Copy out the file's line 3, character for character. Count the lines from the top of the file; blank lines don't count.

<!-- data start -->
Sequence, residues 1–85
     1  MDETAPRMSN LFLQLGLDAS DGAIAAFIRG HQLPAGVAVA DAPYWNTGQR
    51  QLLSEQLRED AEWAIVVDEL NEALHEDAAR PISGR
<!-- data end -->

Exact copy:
    51  QLLSEQLRED AEWAIVVDEL NEALHEDAAR PISGR